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I know nothing about javascript. Just want to tweak a chunk of code a little bit, but couldn't find answers on the net, or at least one that i can understand. Hope you can help me out.

It's an onMouseover/onClick javascript (plays audio) event for HTML5. The HEAD part of the script says in one place:


<Script>
............
...........

}
    else{
        return {playclip:function(){throw new Error("Your browser doesn't support HTML5 audio unfortunately")}}
    }

In other words, as best as I can understand, this means if the User's browser doesn't support HTML5 audio, the script will return this error message/dialog: "Your browser doesn't support HTML5 audio unfortunately".

But, I don't want this error message/dialog to be returned/generated/thrown whatever! Instead, I would prefer greatly the script to send the User automatically, before it shows any error message whatsoever, to a NEW non-HTML5 javascriptless plain webpage.

What can I do?

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So, change the function, and make it do something else. return {playclip:function(){ alert('hi'); }} –  Rocket Hazmat Aug 13 '12 at 15:24

3 Answers 3

Your else statement returns an object with one property (called playclip) which is a function that throws an error. If you'd like to redirect the user to another page instead, simply do a redirect instead of throwing an error:

else {
    return {
        playclip: function() {
            // it might be nice to tell a user why they're being redirected:
            alert('You are being redirected to another page because your browser does not support HTML5 audio!');
            window.location.href = 'whateverPageYouWant.html';
        }
    };
}
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Thanks for the answer. If the 'whateverPageYouWant.html' is in the same folder/directory as this file (with this javascript) is in, can I then write only the html filename, like we can do in HTML, or do I have to write the full URL of the 'whateverPageYouWant.html' here? (I can't check the "only the html filename" option at this moment since I don't have an older browser). –  Mon Aug 13 '12 at 21:48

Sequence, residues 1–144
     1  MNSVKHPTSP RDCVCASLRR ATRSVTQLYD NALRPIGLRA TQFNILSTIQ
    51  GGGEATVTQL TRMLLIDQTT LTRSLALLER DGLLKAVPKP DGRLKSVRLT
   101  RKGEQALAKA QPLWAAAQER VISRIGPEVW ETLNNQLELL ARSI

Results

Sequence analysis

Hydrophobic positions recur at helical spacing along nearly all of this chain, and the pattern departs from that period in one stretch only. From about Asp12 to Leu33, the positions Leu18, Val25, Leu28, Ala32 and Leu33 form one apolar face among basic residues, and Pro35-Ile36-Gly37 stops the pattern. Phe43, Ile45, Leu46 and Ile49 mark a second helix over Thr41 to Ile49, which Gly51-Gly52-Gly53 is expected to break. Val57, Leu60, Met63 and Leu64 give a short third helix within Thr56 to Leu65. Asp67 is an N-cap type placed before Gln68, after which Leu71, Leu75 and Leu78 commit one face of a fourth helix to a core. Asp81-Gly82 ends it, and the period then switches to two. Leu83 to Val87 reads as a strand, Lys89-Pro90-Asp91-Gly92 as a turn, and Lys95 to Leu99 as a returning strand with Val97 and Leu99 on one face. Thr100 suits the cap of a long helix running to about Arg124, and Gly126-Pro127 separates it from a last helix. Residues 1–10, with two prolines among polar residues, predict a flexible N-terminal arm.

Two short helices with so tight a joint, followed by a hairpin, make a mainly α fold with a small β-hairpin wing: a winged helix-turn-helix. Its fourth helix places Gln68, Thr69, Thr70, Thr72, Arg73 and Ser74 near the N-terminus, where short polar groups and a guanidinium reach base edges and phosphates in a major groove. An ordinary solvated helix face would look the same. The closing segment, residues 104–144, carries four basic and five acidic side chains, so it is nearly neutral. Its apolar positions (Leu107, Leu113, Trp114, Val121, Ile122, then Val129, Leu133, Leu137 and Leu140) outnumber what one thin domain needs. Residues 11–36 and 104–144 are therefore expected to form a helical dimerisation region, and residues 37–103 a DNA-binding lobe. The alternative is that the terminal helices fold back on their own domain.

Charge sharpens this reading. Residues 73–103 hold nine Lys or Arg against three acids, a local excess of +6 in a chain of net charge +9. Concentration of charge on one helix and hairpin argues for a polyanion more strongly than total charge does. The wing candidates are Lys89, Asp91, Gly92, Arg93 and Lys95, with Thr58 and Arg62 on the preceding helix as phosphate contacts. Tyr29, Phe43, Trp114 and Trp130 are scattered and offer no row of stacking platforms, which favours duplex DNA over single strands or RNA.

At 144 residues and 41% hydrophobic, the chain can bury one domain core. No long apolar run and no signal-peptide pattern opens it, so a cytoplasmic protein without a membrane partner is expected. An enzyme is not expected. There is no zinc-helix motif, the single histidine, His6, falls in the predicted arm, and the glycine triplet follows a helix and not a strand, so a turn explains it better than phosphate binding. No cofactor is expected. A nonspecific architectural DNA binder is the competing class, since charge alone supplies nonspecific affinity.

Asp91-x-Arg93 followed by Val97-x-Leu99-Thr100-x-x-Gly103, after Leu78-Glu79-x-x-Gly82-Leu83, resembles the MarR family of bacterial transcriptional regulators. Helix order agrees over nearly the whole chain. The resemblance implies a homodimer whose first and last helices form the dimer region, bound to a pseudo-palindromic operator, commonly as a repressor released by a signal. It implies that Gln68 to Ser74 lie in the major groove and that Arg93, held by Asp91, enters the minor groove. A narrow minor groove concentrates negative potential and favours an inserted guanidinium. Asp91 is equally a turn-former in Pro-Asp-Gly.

@Mon just the file name should suffice - if you don't provide a host in a URL, the browser uses the current host. –  jbabey Aug 14 '12 at 12:21

you could do

window.location.href = "myhtml.html";

to direct to a new site immediately instead of the line "return..."

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Thanks for the answer. If the "myhtml.html" is in the same folder/directory as this file (with this javascript) is in, can I then write only the html filename, like we can do in HTML, or do I have to write the full URL of the "myhtml.html" here? (I can't check the "only the html filename" option at this moment since I don't have an older browser). –  Mon Aug 13 '12 at 21:50
    
in my example i am using relative path. You can use absolute path too. So direct answer is yes. You can just write the filename if the calling file is inside the same folder. –  Less Aug 22 '12 at 13:37

the simplest thing to do is change the location to another url.

else {
    window.location = 'http://newnonhtml5webpage/';
}
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